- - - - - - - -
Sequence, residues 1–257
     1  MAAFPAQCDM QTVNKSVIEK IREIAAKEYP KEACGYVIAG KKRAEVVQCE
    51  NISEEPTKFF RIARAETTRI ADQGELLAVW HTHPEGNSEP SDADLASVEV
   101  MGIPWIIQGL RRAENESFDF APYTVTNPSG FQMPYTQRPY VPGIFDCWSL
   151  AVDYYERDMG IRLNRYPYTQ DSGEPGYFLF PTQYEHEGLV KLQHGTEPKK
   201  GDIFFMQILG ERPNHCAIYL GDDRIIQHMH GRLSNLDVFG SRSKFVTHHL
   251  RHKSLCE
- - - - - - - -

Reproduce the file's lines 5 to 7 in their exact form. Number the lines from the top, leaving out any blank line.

   151  AVDYYERDMG IRLNRYPYTQ DSGEPGYFLF PTQYEHEGLV KLQHGTEPKK
   201  GDIFFMQILG ERPNHCAIYL GDDRIIQHMH GRLSNLDVFG SRSKFVTHHL
   251  RHKSLCE